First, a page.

The Australian Bureau of Statistics (ABS), estimated that around 7,000 indigenous Australians Aboriginal were self-employed and own a small business in 2006. This represented 6% of all indigenous Australians. It compares with the 17% who own small businesses in the non-indigenous population. According to reports, the number of Aboriginal people who are self-employed has increased to approximately 12,500 over the past seven year. This suggests that there is a growing spirit of entrepreneurship within the Aboriginal community.
The ABS estimates only the number of Australian indigenous entrepreneurs. It is hard to define who or what constitutes an indigenous business. Professor Dennis Foley, from the University of Newcastle, addresses this issue in an article published in the Indigenous Law Bulletin. Foley’s article, Jus Sanguinis The root contention in determining the Australian Aboriginal Business, examines how indigenous businesses are defined. It also explains why this definition is so important. It is actually inextricably linked to the whole issue of Aboriginal identity.
Foley says that the current focus in Australia is to define Aboriginal businesses as those with at least 51% of the share capital held by Aboriginal people. Foley notes that this definition was create to prevent non-Aboriginal businesses from claiming indigenous heritage to fraudulently gain commercial benefits. This is especially true in the areas of Aboriginal artistic products and tourism.
This definition is use by the Australian Government’s Indigenous Business Australia (IBA), to determine which applicants are eligible for assistance and business development. The Office of the Registrar of Indigenous Corporations reports that there are approximately 2,500 Aboriginal and Torres Strait Islander companies registered in Australia. They estimate that there may be twice as many indigenous corporations than have been officially register.
Foley says that the current definition of Aboriginal businesses is not adequate. Foley says that there may be cases where Aboriginal owners own a large portion of the shares in a company. This prevents them from being recognize as indigenous businesses. He gives several examples of notable Aboriginal businesses that are not eligible for the official definition because of the distribution of share capital.
The ABS came up with two operational definitions of an indigenous business in response to these concerns. First, an Aboriginal or Torres Strait Islander-owned business is one where at least one owner identifies themselves as having indigenous heritage. This second definition refers to a business that has a majority of its capital owned by people of Aboriginal or Torres Strait Islander heritage.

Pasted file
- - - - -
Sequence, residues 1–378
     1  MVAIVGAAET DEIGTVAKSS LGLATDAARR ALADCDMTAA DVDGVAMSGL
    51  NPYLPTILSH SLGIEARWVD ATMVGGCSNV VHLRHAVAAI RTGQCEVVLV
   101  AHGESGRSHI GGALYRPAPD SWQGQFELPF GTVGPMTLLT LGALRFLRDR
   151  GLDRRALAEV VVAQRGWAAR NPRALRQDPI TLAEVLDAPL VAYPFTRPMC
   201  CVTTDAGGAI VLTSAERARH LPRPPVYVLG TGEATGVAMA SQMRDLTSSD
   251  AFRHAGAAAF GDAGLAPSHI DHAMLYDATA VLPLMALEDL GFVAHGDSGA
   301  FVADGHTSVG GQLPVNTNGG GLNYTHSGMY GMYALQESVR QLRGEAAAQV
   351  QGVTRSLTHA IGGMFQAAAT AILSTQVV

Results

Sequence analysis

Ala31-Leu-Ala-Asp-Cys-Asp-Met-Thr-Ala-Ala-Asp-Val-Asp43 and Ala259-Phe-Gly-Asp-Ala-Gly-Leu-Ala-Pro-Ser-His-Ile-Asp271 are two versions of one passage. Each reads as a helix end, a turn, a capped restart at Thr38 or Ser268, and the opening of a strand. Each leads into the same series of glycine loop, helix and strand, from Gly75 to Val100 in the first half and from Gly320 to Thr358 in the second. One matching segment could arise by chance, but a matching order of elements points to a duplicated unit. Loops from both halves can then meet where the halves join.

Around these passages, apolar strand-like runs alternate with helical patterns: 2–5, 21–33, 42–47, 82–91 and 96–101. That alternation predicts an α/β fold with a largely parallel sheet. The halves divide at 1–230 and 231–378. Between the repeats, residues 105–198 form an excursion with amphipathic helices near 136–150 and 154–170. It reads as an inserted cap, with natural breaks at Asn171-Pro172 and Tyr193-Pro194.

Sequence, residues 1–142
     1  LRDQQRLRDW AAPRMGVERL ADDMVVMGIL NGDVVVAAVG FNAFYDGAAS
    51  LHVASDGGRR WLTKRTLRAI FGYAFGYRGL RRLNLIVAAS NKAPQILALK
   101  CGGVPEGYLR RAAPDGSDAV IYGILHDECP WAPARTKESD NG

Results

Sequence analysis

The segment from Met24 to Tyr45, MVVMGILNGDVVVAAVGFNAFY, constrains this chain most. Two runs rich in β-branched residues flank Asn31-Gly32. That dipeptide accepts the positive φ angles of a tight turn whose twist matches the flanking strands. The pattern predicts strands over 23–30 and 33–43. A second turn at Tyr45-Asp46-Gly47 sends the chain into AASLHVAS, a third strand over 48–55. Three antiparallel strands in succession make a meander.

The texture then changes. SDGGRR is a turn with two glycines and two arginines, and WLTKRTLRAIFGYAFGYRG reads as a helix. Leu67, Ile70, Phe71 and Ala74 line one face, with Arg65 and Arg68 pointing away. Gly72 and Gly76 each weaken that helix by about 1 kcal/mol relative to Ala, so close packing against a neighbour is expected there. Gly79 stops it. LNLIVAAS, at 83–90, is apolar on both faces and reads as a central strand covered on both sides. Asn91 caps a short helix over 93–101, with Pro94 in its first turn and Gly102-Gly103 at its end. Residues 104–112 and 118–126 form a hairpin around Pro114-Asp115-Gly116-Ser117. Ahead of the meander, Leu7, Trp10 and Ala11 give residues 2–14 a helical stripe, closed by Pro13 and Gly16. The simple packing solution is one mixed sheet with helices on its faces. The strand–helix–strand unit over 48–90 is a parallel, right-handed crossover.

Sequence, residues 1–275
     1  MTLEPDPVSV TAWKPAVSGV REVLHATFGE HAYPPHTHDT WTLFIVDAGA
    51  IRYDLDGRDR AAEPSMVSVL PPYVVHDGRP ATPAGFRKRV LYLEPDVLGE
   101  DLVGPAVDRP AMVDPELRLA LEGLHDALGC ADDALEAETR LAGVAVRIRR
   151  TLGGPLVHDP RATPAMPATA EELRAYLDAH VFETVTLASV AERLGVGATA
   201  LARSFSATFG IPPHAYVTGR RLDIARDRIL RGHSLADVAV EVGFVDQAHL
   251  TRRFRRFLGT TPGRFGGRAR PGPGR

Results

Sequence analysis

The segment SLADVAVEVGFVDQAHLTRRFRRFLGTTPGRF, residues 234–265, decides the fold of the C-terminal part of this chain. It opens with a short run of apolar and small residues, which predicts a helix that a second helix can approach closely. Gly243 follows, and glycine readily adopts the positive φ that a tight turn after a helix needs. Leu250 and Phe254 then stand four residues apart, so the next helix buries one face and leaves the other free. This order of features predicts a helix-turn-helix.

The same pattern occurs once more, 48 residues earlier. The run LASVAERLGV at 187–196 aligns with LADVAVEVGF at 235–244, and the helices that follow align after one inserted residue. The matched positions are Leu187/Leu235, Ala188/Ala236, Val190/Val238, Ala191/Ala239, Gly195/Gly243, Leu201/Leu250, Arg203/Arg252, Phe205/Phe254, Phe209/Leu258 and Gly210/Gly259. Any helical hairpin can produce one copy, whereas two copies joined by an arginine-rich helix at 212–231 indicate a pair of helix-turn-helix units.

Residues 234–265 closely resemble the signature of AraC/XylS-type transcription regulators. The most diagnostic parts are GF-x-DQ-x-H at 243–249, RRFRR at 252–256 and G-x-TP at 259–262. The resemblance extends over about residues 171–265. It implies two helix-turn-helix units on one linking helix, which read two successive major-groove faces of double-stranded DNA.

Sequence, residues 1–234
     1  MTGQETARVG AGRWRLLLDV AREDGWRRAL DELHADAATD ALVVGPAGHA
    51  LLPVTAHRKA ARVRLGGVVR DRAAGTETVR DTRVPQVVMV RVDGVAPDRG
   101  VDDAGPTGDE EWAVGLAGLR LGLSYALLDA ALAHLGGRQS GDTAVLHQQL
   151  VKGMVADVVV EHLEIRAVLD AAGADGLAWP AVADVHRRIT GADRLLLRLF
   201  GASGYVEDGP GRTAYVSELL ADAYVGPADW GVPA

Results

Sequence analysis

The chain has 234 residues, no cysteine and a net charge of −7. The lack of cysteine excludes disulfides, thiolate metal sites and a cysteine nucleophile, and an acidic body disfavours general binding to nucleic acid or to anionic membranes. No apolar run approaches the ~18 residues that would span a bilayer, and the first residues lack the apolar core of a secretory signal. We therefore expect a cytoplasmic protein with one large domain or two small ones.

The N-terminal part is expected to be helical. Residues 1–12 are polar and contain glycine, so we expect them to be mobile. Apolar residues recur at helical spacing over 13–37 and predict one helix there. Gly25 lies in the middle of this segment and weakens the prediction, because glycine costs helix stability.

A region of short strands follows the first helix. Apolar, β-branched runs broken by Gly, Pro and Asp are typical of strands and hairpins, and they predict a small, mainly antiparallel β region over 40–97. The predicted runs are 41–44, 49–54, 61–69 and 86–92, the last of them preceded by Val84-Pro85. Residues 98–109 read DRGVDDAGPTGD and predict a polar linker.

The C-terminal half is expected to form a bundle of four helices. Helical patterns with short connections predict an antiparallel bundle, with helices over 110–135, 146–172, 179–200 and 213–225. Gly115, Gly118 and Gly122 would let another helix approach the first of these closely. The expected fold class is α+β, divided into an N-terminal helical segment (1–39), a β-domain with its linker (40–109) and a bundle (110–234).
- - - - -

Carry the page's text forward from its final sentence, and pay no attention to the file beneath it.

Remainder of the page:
Foley also notes that these firms must be privately-own small to medium enterprises (SMEs), with fewer 200 employees. This is due to the complexity of ownership that will likely emerge when a company grows in size and moves towards public listing. He also mentions the Australian Taxation Office’s (ATO) and Indigenous Business Council of Australia’s (IBCA). Use of at least 50% Indigenous ownership to define Aboriginals businesses.
This is because there is no clear definition of what constitutes majority ownership and it is not mandatory. For all Aboriginals and Torres Strait Islander owned businesses to be recognize. Believes this underrepresents the true number of indigenous businesses. Foley identifies the problems this creates for Aboriginals business owners. Who could become ineligible to access opportunities under Reconciliation Action Plan (RAPs) if their shareholding is too small.
The importance of definition is therefore very important. Legitimate Aboriginals businesses who miss out on lucrative opportunities may need to be aware of this. The operational definition of an indigenous business is important because the government’s. Policy on Aboriginals business development might be inappropriately target.